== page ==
Bunny Crackers

Curious George (book)

Curious George (book) (Photo credit: Wikipedia)

We walked up the stairs together her little feet ahead of mine, cherry socks poking out below her pants.

“I want to read the George book today. The one where he goes swimming.”

“We can do that.” As we walked down the hall towards her room I prompted, “I would like you to try to go potty before stories and quiet time.”

“Nope,” she said in determined toddler fashion. As I looked into those blue sapphire eyes that now glowed with the test of power I decided not to protest.

She immediately found Curious George on the bookshelf and cuddled into my lap. As I read I could feel her soft blond hair tickle my lip. I lifted my chin just enough so that it rested on top of her head. I felt her weight become soft in my lap, arms relaxed, legs hanging loose, her head cocked to the side. The quietness of our moment and energy from the morning began to lull her into an afternoon meditation.

She was liking the new routine of quiet time in place of a nap. After all, she had decided naps were a past time weeks ago and this new arrangement meant she had a chance to play freely in her room. However, staying in her room had proved to be a challenge.

When the story was over she awoke from her trance and settled onto the quilt with her teddy and a few more books. She looked at me with hesitant eyes. The silence between us needed no words. The moment of separation is always so intense.

“Remember, if you stay in here the whole time you can have some bunny crackers when it’s over.”

She nodded, serious eyes but I could see a tip of the lip with delight for the possibility of something sweet. Upon her request I did not close the door but left it cracked. I walked down the hall to my room and settled onto the bed with my book for twenty-five minutes of respite.

She did it. Twenty-five minutes all by herself without coming out. I was enthused to greet her in her room and congratulate her. Upon entering I found her lurking by the door and then my nose was met with the unmistakable scent of a code brown. I refrained from stating the obvious.

She initiated, “Mom, I pooped.” And a moment later, “And I peed. There’s some on the floor over there.” She pointed to two small spots on the carpet by the bed.

“You did?” I remarked trying to mask my sadness.  “Okay, well let’s go into the bathroom and get changed.”

After helping her clean up I said, “If you need to go potty that bad you know you can always call for me.”

She replied using my own words of warning, “But you said then I wouldn’t get any bunny crackers.”

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To Begin

Her first day of preschool.

My first day to say goodbye.

Other kids are already playing.

There is a pull,

a rubber band inviting her to join.

Slide, sand, pots, scoopers, strainers.

She grips my leg.

At last, goodbye sweet girl.

Hug, kiss, have fun.

My heart drops as I smile and walk away.

I pace back to the observation room,

anxious to be a fly on the wall,

my toddler unaware of my presence.

Wait, who is this?

Parent meeting.

In the observation room.

Now?

Right now?

No entrance until later.

later.

later.

Where’s my girl?

past the glass,

past my reach,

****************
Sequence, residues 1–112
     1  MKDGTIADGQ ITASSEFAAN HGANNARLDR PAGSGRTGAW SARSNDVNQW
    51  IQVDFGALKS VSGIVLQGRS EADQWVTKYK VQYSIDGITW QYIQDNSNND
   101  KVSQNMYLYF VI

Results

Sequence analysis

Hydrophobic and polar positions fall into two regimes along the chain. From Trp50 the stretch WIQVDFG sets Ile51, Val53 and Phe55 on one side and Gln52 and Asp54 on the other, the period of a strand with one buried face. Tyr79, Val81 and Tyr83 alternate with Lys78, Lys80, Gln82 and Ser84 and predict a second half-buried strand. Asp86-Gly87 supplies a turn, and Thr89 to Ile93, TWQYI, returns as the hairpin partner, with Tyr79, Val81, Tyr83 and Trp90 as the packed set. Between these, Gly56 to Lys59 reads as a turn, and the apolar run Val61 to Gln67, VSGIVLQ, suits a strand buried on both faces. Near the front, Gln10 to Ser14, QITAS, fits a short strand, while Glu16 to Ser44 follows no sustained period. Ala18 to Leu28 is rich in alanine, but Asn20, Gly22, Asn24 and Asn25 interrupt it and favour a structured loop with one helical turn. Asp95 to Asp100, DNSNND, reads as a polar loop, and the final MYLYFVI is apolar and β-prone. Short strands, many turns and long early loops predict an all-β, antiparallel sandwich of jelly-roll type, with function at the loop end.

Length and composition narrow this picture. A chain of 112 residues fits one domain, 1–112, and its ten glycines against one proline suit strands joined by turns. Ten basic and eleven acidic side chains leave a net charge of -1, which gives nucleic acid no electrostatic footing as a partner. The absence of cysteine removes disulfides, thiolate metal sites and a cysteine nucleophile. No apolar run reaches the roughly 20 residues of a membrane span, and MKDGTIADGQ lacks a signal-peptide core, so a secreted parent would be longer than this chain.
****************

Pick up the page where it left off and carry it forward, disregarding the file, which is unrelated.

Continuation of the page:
past my vision,

past my control.

 

 

*I’m frustrated with WordPress as I cannot space this poem to my preference.

Today’s Wormhole

Nerve gas expelled lives of innocent Syrian children. Will we intervene?

Scandal in DC. What today? Politicians cheating on their wives, a country that denies it’s citizens healthcare, or greed in unmentionable forms.

Ariel Castro has hung himself in jail. I hope to never hear his name again. I hope his victims sleep well tonight. For the rest of their lives.

A mother in Idaho tortured, murdered, and burned the body of her 2-year-old. Jail cell and cold floors are her future.

Friends are exercising at a nearby park, babies in their strollers watching the work of their heroes.

Rain falling from the sky on this fall day, thunder in the distance, clouds turn the sunny day to gray.

Blinds blown open from the wind. Bang, bang on the windowsill. I awake from my sloppy slumber.

Baby’s head resting on my arm, my cheek wraps his forehead, his sweat on my face, his hair tickles my nose.

The curve of his tiny shoulder,

his hand upon my arm,

breath that smells of honey,

rising and falling of his chest,

soft relaxed face, eye lids closed;

as sweet as the falling rain upon a rose bud.

 

The Tug

Sometimes I think I’m hypnotized by my children. Overwhelmed by their beauty: the blue in their eyes, half-toothed smiles, their creamy skin. I am enchanted by their affection: the way they bury their head in my shoulder, sit in my lap for a good story, share their fudgescicle with me. My chest aches as I feel my heart swelling with my love for them.

I think, “I want more of these wonderful beings.”

Then dinnertime comes around. The baby is below my feet trying to adjust the knob on the stove; he begins crying not because I nudge him out of the way but I can’t figure out the reason. The toddler pushes a chair into the kitchen knocking down toys in her way and begins rifling through the fruit basket on the counter which contains goldfish crackers I forgot to remove. She dumps the crackers onto the floor for the baby and continues to eat some herself. “I want water!” she demands. The baby continues crying, I’m still unsure why. He’s looking up at me with tears streaming down his angelic face. Crying, crying, crying. I almost forget about the vegetables on the stove and quickly give them a stir. The toddler hits the baby on the head to make him stop then offers him a goldfish cracker. This does not appease him. I stand in the kitchen, grease spattered shirt and spatula in hand, not sure what my next move should be.

I think, “I don’t know how people have more of these beings.”